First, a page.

The Grass Is Singing

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  • Topic: South Africa, Africa, White people
  • Pages : 12 (4940 words )
  • Download(s) : 207
  • Published : February 18, 2011
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This is the high-tension story of a woman whose life was changed by a few careless words. Even though Mary Turner had led a somewhat limited life in her sleepy South African town, she was happy until she overheard some friends say that she would never marry. At those words, her delicately balanced little world overturned, and she suddenly realized that it was desirable to have a husband, to be like the rest of her circle. Unconsciously she began to look for a man to marry, and she found one. He was a farmer - a hard-working sensitive man with an intense love of his land, a stubborn pride - but with a fatal weakness. When Dick took her to his farm in the veldt, Mary stepped into a life completely different from anything she had ever imagined. She hated the stuffy little house; she hated the natives; she hated Dick at times and most of all she hated the burning heat and the loneliness. After one attempt to return to her life in town, she stayed on the farm, listening to the strident din of the cicadas and fighting against the realization that the security and happiness which she and Dick needed so desperately might never come. Little by little the years worked their slow poison. And then finally one heat-laden afternoon, without even realizing what she had done, Mary Turner lit the fuse that led to a shattering explosion of violence and tragedy. Doris Lessing's novel is a remarkable piece of work. At times as violent and harsh as the brown earth and arching blue sky of the veldt, The Grass Is Singing is mercilessly penetrating and casts a spell all its won. At times, too, it is angry at the festering question of black against white which broods over the land like thunder. But above all, it is the story of Mary Turner who was a victim of conflicting forces within herself set up by a few casual, overheard words.

Although born in Persia, Doris Lessing spent most of her childhood on her father's 3000-acre maize farm in Southern Rhodesia. Following her education at the Dominican Convent in Salisbury, she held a variety of jobs - nursemaid, telephone operator, chauffeur, and stenographer. Determined on a writing career, Mrs. Lessing, armed with £20 and the manuscript ofThe Grass Is Singing, arrived in England in the spring of 1949. Her novel was accepted immediately by Michael Joseph of London. Published there earlier this year, The Grass Is Singing was the March Daily GraphicBook Find of the Month. Mrs. Lessing has been writing short stories and poems, many of them published in South African magazines, since she was seventeen. The Grass Is Singing is her first published novel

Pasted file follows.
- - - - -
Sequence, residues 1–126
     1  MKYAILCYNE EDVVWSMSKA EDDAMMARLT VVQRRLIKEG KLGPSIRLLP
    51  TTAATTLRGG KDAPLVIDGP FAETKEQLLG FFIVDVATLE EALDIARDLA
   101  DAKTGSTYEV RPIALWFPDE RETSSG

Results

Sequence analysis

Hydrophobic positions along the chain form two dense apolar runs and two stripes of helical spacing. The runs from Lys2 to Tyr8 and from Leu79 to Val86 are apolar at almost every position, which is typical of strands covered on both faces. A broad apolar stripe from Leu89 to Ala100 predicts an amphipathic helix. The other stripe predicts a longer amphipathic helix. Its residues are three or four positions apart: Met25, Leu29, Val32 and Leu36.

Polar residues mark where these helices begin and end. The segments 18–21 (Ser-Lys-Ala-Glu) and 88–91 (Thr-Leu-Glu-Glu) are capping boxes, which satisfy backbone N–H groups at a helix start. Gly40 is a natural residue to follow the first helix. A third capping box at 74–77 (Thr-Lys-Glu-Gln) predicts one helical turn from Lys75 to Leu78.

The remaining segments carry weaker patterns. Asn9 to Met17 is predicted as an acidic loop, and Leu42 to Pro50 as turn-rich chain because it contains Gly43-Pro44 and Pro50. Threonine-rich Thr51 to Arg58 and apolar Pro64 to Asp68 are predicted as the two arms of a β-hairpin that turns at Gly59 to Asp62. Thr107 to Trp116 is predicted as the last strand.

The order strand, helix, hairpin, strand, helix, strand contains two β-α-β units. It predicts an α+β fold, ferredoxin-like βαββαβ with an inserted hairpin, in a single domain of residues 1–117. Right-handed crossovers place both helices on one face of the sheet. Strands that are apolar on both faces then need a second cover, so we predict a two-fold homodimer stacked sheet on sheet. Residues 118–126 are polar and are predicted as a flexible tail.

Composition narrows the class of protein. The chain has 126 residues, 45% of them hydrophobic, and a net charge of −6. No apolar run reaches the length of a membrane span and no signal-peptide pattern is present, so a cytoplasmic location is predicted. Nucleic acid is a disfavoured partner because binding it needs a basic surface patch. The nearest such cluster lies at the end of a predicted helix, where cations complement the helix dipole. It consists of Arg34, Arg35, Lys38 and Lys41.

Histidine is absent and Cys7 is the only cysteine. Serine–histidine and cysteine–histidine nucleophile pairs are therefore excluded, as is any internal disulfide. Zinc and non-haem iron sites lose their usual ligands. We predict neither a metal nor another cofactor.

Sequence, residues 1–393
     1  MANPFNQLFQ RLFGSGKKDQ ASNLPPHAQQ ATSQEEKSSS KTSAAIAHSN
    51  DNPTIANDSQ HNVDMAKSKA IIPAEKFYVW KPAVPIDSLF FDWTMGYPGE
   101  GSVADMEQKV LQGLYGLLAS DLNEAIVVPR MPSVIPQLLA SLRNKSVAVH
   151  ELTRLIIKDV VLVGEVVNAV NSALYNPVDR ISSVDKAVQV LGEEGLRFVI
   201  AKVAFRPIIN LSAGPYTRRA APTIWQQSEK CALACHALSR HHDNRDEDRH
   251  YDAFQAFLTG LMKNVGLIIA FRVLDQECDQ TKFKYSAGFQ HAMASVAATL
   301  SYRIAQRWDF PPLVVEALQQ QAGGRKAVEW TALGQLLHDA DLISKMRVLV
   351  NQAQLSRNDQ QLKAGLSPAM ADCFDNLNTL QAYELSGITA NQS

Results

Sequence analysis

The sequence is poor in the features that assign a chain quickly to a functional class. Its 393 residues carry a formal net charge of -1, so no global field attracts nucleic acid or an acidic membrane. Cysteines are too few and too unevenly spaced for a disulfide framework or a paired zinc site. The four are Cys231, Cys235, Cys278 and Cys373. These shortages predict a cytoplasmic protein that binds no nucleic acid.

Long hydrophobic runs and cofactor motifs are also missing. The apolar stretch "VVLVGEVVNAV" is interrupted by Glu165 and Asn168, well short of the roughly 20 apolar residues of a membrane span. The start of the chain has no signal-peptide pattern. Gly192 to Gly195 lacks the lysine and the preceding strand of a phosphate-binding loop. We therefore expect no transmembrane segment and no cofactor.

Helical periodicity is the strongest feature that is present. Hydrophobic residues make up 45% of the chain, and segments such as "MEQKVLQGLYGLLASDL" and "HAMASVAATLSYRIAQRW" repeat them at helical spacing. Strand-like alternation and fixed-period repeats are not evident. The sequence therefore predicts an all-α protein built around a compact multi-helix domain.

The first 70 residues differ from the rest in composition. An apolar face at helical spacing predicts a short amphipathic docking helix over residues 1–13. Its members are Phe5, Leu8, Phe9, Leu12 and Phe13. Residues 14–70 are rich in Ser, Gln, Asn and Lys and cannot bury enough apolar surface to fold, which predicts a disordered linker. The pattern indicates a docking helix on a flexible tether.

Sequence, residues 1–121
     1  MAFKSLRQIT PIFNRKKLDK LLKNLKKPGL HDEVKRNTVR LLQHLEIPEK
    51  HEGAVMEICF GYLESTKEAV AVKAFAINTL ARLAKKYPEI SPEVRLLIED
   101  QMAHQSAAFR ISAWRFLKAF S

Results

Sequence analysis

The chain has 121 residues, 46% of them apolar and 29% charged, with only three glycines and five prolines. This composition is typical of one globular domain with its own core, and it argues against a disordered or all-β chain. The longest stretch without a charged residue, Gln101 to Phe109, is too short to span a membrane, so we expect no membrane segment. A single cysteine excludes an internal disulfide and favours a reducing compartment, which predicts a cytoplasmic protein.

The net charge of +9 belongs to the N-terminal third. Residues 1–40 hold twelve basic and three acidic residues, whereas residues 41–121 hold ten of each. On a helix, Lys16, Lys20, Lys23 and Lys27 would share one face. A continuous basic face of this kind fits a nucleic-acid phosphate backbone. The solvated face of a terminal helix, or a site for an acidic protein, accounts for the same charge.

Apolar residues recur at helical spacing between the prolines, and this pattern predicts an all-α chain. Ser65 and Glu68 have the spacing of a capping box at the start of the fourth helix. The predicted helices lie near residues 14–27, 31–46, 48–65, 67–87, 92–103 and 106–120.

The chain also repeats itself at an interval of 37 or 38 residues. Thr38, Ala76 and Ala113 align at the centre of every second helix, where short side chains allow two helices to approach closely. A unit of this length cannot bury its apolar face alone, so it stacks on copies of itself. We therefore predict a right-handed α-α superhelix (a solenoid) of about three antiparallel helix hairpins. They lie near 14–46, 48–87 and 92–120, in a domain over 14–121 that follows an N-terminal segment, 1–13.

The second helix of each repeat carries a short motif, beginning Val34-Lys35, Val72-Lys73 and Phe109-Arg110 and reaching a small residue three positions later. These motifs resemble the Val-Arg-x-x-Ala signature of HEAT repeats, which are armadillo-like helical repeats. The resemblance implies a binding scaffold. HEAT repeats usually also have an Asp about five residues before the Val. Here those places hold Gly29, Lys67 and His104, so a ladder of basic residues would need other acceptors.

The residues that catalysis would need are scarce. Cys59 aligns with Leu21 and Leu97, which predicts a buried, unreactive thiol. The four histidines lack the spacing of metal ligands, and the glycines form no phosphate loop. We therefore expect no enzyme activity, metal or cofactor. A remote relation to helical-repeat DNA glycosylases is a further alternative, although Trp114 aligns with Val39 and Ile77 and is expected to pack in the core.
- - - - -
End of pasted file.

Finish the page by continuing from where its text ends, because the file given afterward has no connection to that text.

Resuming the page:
The Grass Is Singing is the first novel, published in 1950, by British Nobel Prize-winning author Doris Lessing. It takes place in Rhodesia (now Zimbabwe), in southern Africa, during the late 1940s and deals with the racial politics between whites and blacks in that country (which was then a British Colony). The novel created a sensation when it was first published and became an instant success in Europe and the United States. [edit]Plot

Mary has a happy and satisfied life as a single white Rhodesian (we assume, though the novel refers to both Rhodesia and the Union of South Africa simply as South Africa, while making clear the farm is in Southern Rhodesia) woman. She has a nice job, numerous friends, and values her independence. Nevertheless, after overhearing an insulting remark at a party about her spinsterhood, she resolves to marry. The man she marries, after a brief courtship, Dick Turner, is a white farmer struggling to make his farm profitable. She moves with him to his farm and supports the house, while Dick manages the labor of the farm. Dick and Mary are somewhat cold and distant from each other, but are committed to their marriage. Dick and Mary live together an apolitical life mired in poverty. When Dick gets sick Mary takes over the management of the farm and rages at the incompetence of her husband's farm practice. To Mary, the farm...
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